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How To Make The Daily Commute More Relaxing and Enjoyable

Commuting to work is one of the most widely despised of all the things that bring us discomfort and distress — a heavy workload, financial worries, and a cluttered home, to name a few. It’s not all a bad experience, either: Long commutes have been attributed to a variety of adverse health effects, including increased […]

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Commuting to work is one of the most widely despised of all the things that bring us discomfort and distress — a heavy workload, financial worries, and a cluttered home, to name a few. It’s not all a bad experience, either: Long commutes have been attributed to a variety of adverse health effects, including increased fatigue, insufficient sleep, excessive weight, and even a shorter life span. Couples with one person who commutes to work for at least 45 minutes per day have a 40% greater risk of divorcing.

However, the commute should not have to be a waste of time or a burden on your mental health. Here are seven ways to make the commute less stressful…

 Create a commuting routine.

Retaining little habits on the way to work, whether it’s always reading the news online, checking your work schedule, or listening to a certain radio program, according to a study, will make you be more optimistic about the day ahead and more confident about your career.

Let the unimaginable happen.

Talking to strangers and engaging in dialogue, according to behavioural psychologists from the US, will significantly increase commuters’ happiness. Try looking at a stranger if this becomes too much. Smiling has been shown to have calming properties, sending constructive signals to the brain and reinforcing a happy mood. To work, do you drive? Rideshare with coworkers is a viable option.

Get a backup plan.

When traveling to work, things don’t always go as planned, and you can encounter train delays, traffic congestion, or road closures. The Social Science Research Network discovered that feeling out of control tenfold raises fear. Always plan alternate routes to work that can get you going – it may also be an incentive to try a different path to break up the monotony of commuting.

Take a nap during stops

As per New York Magazine’s study title The Science Of Us, nodding off for a few minutes may not make you catch up on extreme sleep loss, but a 20-30 minute nap will help you feel more rested and efficient. According to Michigan Medicine’s Sleep Centre, our minds are pre-programmed to hear noises like our stop announcement even though we’re sleeping. You have won!

Choose a soothing soundtrack.

If your drive leaves you nervous, compose your own playlist of uplifting tracks. According to the American Psychological Association, these will help relieve fear, lower the heart rate, and reduce levels of the stress hormone cortisol. Are you stuck for song ideas? According to a Quotemehappy poll, people who listen to classical or pop music are less stressed.

Go for it! (for some of the way)

Where possible, try to bike or ride at least part of the way to work – you’ll be less likely to be overweight and have lower blood pressure, according to a report released in the Annals of Internal Medicine. Do you choose to travel by bus or train? Get off the bus a few stops early.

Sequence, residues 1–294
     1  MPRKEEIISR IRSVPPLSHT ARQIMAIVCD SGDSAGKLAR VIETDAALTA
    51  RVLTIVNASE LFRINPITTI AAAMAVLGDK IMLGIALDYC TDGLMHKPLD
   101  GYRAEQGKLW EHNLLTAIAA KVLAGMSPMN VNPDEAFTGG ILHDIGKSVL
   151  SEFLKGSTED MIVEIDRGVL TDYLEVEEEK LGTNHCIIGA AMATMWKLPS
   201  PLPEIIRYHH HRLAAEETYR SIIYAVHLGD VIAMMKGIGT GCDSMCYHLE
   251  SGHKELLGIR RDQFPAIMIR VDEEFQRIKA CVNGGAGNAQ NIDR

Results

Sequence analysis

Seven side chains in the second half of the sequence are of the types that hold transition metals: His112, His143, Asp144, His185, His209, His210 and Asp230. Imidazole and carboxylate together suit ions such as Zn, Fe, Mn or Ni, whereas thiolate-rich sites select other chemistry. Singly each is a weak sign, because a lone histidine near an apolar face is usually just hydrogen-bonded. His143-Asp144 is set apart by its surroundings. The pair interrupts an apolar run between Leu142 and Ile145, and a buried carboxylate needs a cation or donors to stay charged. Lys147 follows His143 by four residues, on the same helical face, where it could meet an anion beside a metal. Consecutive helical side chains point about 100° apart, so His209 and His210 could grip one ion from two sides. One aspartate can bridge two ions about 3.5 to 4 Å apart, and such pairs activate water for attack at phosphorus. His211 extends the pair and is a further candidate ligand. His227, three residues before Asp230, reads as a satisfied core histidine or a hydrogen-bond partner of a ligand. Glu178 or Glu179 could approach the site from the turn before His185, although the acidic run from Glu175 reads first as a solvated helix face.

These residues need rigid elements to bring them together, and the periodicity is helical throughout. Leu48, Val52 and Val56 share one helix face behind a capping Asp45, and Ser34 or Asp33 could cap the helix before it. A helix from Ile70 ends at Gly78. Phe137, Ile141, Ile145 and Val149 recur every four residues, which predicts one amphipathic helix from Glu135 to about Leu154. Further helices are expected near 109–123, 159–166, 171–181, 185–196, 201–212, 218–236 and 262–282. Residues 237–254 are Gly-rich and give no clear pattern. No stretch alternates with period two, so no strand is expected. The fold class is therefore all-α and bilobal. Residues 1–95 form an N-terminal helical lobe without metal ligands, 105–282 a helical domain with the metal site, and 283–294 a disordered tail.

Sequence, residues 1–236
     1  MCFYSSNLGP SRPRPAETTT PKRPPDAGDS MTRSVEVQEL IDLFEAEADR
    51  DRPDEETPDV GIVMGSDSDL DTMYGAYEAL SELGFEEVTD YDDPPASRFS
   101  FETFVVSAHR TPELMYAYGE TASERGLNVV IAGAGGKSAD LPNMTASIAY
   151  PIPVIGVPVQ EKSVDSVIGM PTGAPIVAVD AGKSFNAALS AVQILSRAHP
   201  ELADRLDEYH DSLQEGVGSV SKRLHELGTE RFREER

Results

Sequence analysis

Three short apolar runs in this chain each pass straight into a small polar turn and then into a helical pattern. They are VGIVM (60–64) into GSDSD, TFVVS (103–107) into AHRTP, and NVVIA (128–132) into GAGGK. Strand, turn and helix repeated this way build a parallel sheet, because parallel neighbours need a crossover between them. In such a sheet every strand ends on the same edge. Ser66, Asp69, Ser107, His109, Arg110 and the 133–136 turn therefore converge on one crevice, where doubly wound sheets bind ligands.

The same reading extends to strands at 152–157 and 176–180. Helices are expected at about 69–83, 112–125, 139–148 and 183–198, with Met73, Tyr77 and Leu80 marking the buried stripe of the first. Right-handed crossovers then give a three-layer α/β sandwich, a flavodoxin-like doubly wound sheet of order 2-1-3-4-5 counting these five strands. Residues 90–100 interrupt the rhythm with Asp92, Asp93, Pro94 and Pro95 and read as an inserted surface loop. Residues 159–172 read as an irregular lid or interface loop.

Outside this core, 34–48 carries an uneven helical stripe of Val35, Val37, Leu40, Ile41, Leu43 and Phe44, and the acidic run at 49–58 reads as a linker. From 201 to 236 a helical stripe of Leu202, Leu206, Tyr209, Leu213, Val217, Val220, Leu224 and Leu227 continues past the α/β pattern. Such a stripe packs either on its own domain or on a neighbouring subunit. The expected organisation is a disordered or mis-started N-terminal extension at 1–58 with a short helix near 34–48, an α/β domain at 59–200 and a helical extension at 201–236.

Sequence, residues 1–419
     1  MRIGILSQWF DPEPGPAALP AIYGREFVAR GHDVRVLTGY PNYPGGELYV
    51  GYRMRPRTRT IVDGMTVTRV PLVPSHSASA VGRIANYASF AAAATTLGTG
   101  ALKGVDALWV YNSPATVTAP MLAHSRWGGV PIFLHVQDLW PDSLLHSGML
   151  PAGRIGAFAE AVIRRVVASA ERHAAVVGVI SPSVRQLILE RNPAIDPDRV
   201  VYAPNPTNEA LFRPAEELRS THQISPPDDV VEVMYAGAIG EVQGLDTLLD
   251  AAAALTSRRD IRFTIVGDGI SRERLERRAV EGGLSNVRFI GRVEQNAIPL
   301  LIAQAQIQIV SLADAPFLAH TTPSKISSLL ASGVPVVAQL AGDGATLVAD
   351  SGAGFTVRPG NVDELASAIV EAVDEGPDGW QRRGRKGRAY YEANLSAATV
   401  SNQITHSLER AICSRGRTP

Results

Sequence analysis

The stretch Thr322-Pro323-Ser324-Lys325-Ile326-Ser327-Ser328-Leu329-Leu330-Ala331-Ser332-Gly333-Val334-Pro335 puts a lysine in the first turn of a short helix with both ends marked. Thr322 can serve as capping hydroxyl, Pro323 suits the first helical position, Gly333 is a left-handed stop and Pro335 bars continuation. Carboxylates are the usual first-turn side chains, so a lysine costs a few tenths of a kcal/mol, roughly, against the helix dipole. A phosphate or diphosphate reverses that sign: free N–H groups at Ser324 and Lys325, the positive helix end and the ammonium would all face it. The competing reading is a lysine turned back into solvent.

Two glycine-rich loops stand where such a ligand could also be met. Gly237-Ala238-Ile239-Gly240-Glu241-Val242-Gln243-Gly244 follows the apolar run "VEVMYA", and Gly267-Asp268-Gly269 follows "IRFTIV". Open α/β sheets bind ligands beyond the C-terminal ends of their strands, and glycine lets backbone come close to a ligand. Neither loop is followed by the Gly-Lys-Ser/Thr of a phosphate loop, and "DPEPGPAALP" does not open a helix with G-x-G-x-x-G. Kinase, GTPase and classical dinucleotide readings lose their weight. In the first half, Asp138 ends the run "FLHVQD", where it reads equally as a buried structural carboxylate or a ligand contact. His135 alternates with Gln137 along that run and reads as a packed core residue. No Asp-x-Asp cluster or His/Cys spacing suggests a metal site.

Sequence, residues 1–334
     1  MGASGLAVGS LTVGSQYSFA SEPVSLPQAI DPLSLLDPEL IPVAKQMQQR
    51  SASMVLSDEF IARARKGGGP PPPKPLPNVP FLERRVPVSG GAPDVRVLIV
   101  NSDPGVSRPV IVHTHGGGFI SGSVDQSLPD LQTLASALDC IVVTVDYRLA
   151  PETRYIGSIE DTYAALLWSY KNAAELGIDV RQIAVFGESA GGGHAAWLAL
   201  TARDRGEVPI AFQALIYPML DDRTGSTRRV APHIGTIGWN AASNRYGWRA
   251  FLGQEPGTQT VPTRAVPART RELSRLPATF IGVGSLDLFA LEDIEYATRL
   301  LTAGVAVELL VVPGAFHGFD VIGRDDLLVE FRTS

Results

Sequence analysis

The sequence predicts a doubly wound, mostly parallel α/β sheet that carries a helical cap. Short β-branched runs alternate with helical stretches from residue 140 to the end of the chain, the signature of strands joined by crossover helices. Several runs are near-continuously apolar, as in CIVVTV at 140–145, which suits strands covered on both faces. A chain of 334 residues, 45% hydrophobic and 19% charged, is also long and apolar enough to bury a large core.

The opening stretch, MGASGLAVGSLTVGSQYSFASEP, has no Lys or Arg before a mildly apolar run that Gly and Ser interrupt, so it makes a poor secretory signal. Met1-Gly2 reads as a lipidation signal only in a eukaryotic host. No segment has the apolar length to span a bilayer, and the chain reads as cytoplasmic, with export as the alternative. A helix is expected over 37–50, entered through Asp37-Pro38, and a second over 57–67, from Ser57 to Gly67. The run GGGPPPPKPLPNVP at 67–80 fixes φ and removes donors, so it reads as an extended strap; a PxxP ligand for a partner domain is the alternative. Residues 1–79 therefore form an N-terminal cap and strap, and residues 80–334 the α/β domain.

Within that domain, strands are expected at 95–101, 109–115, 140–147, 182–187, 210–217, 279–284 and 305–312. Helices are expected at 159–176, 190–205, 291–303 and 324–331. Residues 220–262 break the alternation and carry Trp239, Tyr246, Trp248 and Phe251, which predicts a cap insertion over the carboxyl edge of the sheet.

Many drivers believe that they are experts at driving and that they do not need to pay attention to what they are doing or what is going on around them. Even if you are an excellent pilot, many collisions occur as a result of the errors of others. Even the most skilled driver may make a costly error behind the wheel. Even a minor diversion will hinder one’s judgement while driving. In this post, we’ve listed the top ten things you shouldn’t do when driving any car. If you want to hear more about them, make sure to read all the way to the end!

Usage of Mobile Devices

Do not drive and chat at the same time! Using your mobile phone while driving is the worst mistake you’ll ever make. It has the potential to lead you and those on the way into deep trouble. Many people around the world have died or been injured as a result of being distracted by their phones. It is so risky that many countries have made it illegal for drivers to use mobile phones. You don’t want to be involved in an accident while monitoring your friend’s Facebook status, and you certainly don’t want to collide with another vehicle while having an emotional conversation with someone, do you? Keep in mind that your mobile phone is the most dangerous diversion that can lead to significant consequences.

Driving While Intoxicated

Driving under the influence is the leading cause of crashes worldwide. Every year, a startling number of people lose the fight of their lives while driving drunk. Drunk drivers are responsible for the vast majority of traffic-related fatalities. Many nations have enacted stringent regulations for drivers. We are all aware that alcohol impairs driving capacity and, as a result, an individual is unable to respond appropriately to the situation. Unfortunately, many people are still unaware of how dangerous it is. Alcohol impairs both your judgement and your physical skills. If you need to go somewhere quickly, avoid drinking.

Driving with a cancelled insurance

Cancelled car insurance may occur for a variety of causes, some of which you may have caused and others which are outside your control.

It is important to purchase auto insurance as quickly as possible, regardless of the cause for the cancellation. Remember that you need coverage whether you’re driving the car or it’s parked in your driveway.

If the insurance agent canceled it or the policy was voided, they  will assist you with finding a new policy. Whatever the excuse for not having insurance, they will assist you in finding the best deal available.

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